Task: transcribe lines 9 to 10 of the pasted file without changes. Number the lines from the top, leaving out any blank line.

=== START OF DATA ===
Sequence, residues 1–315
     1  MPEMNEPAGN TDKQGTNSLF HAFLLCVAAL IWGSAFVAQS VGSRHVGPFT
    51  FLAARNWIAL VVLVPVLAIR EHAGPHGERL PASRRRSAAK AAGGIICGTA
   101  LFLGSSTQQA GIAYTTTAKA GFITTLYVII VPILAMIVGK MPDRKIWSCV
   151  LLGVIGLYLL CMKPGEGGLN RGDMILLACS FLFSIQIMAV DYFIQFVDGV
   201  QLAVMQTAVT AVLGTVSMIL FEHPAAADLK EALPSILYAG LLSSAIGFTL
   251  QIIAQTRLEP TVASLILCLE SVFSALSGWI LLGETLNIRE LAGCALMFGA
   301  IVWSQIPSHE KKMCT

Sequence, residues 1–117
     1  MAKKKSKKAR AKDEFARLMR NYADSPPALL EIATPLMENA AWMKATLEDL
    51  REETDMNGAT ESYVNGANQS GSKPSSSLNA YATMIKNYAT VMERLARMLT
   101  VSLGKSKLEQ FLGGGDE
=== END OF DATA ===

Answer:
Sequence, residues 1–117
     1  MAKKKSKKAR AKDEFARLMR NYADSPPALL EIATPLMENA AWMKATLEDL